Saturday, October 09, 2010

Doorstep, Friend, and the First Junco

It must be Fall. Come evening there is Friend sitting on the bath taking in the last of the sun.

And before long Door Step Dove joins him for a snuggle.
And though you're going to have to take my word for it, my first Dark-eyed Junco of the season just flew into that right most maple.
Donegal Browne

Thursday, October 07, 2010

The Mysterious Massacre at Woodman's or Where Did All Those Feathers Come From?

This Week's Red-tailed Hawk Mystery-- I'd gone to a grocery store named Woodman's, a box store, flat roof, in Janesville, a nearby reasonably sized town, a few days ago.

When going round the back to get to my car, having come out the wrong door, I discovered hundreds of feathers lying on the ground. Pigeon? The light was bad, so trust me, there were far more feathers than one can see from the photograph.

It looked to me that the roof had to be a long term favorite Red-tail dining area and the feathers just wafted off in the breeze...

and collected in the grass, in the lee of the wall,

under the bushes, behind the gas meter...I mean everywhere.

This feather looks like one from a Blue Bar Pigeon,

but some of these might possibly be from a gull.

This is the view on the other side of the building from the parking lot area where I found the feathers. A view from height with open green space could be had from the roof. And if you look far back to the left of the STOP sign there is a tall antenna of some description.

The issues.

1. Where did all the pigeons (possibly also gulls?) come from? There are very very few pigeons in this area of Wisconsin. Though gulls do frequent parking lots at certain times of year.

2. Where's the Red-tail?

Well today, while going down the main drag into Janesville, (About a quarter mile from Woodman's Grocery) suddenly three cars ahead of me, a mature Red-tail came across the six lanes of traffic, just barely above their roofs and then curved up steeply to perch on a traffic light. (And NO, I didn't get a photo. I had to keep driving or get run over. Drat!) That low flight with the last minute ascension is just the kind of move an RTH will make when hoping that prey in a spot that’s been hunted before, won't notice that they've arrived.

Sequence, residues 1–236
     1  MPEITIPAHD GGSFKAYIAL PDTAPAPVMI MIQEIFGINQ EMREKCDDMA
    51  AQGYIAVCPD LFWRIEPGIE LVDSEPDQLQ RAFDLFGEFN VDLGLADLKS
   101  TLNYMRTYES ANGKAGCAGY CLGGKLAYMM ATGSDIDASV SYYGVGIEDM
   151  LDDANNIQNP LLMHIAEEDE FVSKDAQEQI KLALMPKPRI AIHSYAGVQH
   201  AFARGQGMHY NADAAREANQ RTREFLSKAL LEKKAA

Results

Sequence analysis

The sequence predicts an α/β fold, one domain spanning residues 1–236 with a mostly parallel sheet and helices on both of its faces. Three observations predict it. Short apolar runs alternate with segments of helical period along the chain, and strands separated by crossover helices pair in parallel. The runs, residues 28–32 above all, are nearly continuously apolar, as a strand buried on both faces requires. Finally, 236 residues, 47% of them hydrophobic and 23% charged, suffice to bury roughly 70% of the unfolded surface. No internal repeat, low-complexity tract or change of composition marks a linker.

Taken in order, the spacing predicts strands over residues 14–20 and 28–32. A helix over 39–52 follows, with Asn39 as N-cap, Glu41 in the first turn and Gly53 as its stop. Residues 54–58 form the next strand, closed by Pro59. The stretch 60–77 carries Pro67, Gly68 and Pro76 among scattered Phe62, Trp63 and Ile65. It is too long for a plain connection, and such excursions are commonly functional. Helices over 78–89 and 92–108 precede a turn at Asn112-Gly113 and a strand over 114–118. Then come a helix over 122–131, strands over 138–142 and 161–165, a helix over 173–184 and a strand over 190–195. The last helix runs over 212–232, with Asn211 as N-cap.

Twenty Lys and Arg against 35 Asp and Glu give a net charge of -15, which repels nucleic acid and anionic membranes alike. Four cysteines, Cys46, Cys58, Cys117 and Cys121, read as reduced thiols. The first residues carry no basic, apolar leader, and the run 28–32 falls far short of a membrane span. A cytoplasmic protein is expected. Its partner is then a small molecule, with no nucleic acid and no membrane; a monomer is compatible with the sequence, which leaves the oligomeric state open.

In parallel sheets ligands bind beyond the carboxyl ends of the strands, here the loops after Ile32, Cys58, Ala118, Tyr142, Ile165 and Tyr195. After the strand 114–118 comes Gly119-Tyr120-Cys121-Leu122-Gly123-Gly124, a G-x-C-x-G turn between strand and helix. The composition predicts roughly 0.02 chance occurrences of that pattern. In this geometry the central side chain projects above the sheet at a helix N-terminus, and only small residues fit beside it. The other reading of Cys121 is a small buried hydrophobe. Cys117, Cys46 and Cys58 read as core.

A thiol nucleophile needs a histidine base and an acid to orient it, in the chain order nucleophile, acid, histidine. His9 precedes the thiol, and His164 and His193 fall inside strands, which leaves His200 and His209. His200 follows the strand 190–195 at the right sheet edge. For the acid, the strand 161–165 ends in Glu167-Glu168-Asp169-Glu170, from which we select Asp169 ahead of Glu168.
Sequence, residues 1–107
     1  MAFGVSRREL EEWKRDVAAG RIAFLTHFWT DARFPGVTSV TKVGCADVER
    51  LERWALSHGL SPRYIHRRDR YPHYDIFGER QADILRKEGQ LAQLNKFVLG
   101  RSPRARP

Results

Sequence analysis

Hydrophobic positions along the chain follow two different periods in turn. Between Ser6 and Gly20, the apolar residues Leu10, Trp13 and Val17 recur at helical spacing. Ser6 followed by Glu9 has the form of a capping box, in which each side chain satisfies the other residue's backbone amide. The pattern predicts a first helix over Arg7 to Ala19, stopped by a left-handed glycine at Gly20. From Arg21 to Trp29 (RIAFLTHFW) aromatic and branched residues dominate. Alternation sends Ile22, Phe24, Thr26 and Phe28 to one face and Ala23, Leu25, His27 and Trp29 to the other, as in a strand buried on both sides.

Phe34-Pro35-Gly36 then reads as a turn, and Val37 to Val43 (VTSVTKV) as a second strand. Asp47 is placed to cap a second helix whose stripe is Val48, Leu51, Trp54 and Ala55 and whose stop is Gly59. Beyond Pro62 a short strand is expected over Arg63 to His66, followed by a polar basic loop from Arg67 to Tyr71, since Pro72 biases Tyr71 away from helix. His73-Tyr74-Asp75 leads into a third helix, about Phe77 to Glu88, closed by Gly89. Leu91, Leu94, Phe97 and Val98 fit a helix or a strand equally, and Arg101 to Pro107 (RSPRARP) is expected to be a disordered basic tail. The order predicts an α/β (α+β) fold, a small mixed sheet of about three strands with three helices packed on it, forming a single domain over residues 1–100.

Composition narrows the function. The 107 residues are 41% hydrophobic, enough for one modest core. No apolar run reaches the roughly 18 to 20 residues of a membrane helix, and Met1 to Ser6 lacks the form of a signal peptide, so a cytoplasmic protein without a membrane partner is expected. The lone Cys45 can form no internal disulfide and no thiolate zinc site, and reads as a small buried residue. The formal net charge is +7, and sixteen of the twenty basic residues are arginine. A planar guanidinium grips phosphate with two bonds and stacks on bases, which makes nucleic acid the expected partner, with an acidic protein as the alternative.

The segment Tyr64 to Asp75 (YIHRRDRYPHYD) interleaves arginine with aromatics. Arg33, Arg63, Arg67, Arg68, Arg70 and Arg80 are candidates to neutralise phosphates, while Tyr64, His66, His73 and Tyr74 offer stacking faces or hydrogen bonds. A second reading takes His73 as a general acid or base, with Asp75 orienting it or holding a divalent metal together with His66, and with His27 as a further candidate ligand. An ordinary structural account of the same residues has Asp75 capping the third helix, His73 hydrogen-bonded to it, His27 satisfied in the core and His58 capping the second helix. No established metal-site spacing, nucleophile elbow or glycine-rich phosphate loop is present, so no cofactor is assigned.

Well I madly went up to the next turn, the Red-tail's road being One Way, and of course the wrong way that I needed it to be, zoomed through the Kmart parking lot and got back to the intersection-- no Red-tail. Sigh. And as it was almost dark, little hope of finding her today. But this coming week? I'm hoping not only to find her but also where ever it is that the mysterious Flight of pigeons or Colony of gulls are hiding out.

(Note the terms of venery, I haven't forgotten.)

Come to think of it, I’ve seen diddly for Red-tails for a couple of weeks now. I wonder why? Another question that’s answer needs to me looked into.

Donegal Browne

Tuesday, October 05, 2010

Bluebirds and Turkeys on the Move

The Bluebirds are on the move. I looked out and there were at least 20 of them flicking around the backyard. For whatever reason during their annual migration south, just love or cavities or perhaps scoping out possibilities for the Spring, Bluebirds can't pass a cavity or nestbox without trying it out for size. First they peer in.

Then one or the either of a pair goes inside, checks the interior, then looks out of the "hole", while the other looks on.

After all nooks and crannies are investigated they're off once again.

I was driving down Cox Road when I had to come to a stop while a horde of turkeys trotted across the road. This is just the tail end of the flock.

They then loped off into a backyard. Can't imagine what it's like the first time you look out the kitchen window and see any number of big hefty birds just marching along through your garden.

I then trotted up to the head of the flock and there they were, just standing around waiting for the others to catch up. Though not exactly migrating, turkeys flock up into large groups in the winter and hang out with one another until breeding season begins the following year. Then all bets are off when it comes to the buddy system.

Burrowing Owl Off Course from long time correspondent Robin of Illinois--

And from my man, Bill Walters, in New York City,
More feather colors from bird fossils--